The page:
• Advanced vehicle and powertrain control systems and integration
  • Vehicle embedded mechatronic systems
  • Vehicle and powertrain health monitoring and management 
  • Development of advanced energy storage systems
  • Advanced battery technologies and power management systems
  • Hybrid and electric propulsion systems and vehicles
  • Development of more efficient engines, electrical machines and drive systems
  • Smart materials for automotive applications
  • Vehicular ergonomics and active vehicle vibration isolation
  • Advanced driver assistance systems, semi-autonomous and autonomous vehicles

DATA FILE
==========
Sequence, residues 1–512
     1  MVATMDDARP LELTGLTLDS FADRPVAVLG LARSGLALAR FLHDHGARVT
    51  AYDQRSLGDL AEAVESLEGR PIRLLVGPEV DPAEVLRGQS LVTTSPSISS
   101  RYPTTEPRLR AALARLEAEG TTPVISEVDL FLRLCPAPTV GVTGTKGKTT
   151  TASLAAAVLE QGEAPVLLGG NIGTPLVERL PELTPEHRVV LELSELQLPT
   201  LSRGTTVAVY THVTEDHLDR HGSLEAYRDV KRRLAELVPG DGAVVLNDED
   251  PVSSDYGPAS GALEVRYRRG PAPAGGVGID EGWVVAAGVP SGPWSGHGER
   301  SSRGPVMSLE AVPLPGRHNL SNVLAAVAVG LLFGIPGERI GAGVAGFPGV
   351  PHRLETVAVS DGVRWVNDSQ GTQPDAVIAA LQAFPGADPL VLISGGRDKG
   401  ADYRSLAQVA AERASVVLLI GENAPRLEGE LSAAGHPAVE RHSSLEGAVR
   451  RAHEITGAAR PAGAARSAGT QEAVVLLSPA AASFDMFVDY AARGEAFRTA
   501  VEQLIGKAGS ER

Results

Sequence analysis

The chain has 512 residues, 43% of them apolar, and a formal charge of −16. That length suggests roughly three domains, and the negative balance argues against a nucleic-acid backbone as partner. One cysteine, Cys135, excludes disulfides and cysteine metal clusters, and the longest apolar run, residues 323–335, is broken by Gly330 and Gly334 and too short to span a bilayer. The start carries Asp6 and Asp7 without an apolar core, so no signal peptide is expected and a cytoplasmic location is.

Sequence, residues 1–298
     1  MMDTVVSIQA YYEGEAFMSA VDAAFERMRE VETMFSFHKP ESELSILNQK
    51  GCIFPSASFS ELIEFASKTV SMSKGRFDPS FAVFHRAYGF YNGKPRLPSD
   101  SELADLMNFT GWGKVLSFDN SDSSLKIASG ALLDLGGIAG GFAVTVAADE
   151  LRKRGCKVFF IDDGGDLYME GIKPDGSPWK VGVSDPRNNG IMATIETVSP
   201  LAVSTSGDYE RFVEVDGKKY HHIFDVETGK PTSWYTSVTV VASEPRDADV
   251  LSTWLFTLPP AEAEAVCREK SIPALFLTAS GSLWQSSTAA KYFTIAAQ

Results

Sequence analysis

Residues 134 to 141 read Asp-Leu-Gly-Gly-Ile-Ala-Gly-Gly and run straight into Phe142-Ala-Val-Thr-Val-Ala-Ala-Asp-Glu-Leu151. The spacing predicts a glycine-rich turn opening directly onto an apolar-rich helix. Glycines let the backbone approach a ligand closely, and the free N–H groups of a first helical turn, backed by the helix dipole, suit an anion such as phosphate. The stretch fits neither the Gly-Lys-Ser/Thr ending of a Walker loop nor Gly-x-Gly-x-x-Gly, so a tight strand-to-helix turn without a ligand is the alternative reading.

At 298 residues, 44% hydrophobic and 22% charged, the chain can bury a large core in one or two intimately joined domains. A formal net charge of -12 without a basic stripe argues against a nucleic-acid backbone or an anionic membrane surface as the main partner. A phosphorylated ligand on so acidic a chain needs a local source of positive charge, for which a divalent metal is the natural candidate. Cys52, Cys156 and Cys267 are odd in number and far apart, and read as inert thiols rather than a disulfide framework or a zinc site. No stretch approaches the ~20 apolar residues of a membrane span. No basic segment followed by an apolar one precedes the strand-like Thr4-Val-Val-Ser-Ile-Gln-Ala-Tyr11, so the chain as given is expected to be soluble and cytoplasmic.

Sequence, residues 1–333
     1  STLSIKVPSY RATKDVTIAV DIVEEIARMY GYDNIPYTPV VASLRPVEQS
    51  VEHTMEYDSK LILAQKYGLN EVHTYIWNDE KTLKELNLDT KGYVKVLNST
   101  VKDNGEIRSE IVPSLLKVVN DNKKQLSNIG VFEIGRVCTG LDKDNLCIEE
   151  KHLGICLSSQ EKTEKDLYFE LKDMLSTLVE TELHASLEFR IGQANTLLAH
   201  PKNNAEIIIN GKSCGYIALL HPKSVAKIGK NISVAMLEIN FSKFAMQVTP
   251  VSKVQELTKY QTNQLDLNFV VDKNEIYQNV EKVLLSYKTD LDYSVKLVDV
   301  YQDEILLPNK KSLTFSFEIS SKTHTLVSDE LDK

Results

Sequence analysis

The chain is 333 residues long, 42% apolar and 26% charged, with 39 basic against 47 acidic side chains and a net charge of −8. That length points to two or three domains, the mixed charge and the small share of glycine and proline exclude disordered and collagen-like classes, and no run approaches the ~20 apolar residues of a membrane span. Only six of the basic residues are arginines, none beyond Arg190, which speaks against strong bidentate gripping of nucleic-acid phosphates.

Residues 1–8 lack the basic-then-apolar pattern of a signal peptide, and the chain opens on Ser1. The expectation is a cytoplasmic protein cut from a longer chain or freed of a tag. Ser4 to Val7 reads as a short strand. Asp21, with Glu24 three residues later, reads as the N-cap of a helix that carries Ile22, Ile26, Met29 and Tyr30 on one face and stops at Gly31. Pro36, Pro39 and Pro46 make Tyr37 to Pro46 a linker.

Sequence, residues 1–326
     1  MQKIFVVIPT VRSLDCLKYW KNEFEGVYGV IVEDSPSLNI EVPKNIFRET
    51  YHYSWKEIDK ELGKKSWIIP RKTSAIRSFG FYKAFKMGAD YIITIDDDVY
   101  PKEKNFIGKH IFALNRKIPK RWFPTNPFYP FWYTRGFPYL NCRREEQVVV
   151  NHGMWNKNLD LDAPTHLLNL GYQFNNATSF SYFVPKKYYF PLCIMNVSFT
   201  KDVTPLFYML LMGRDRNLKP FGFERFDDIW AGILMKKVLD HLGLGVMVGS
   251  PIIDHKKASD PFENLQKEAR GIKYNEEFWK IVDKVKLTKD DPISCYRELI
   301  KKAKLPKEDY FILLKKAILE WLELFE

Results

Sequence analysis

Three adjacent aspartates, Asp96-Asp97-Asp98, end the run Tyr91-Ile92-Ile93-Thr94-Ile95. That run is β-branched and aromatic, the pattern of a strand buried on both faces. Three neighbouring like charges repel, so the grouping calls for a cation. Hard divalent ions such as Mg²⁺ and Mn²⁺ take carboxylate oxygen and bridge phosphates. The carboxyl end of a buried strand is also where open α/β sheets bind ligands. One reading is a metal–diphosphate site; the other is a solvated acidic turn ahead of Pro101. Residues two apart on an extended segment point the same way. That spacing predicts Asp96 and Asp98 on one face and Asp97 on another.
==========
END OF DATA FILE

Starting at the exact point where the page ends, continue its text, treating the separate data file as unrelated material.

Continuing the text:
“Emerging economies, social and political transitions, and new ways of doing business are changing the world dramatically. … To be successful in this competitive climate, manufacturing enterprises of 2020 will require significantly improved capabilities. …” as highlighted in a U. S. National Research Council report Visionary Manufacturing Challenges for 2020. ASME has also chosen "Advanced Manufacturing" as the theme for its 2013 Congress. Similar governmental priorities on intelligent manufacturing (IM) can also be found in China, European Union and Japan. As an evolving term, IM is the use of production technology that automatically adapts to changing environments and varying process requirements, with the capability of manufacturing various products with less supervision and assistance from operators. Mechatronics, as synergistic integration of precision mechanical engineering with advanced sensing, control and computer theories and technologies in the design and manufacture of intelligent products and processes, plays an important role in this rapidly advancing IM. As new materials, new technology (such as intelligent communication, cloud computing) and new configurations for the manufacturing enterprise emerge, it is expected that the definitions of mechatronics and IM will become even broader in the future and the distinctions among mechatronics, manufacturing, and service industries become blurred. In an effort to disseminate current advances of various computational intelligence and mechatronics technologies for advanced manufacturing applications, a focused session in this area will be published in IEEE/ASME Transactions on Mechatronics (TMECH). Papers should contain both theoretical and practical/experimental results and will be subject to TMECH review procedures. Potential topics include but are not limited to: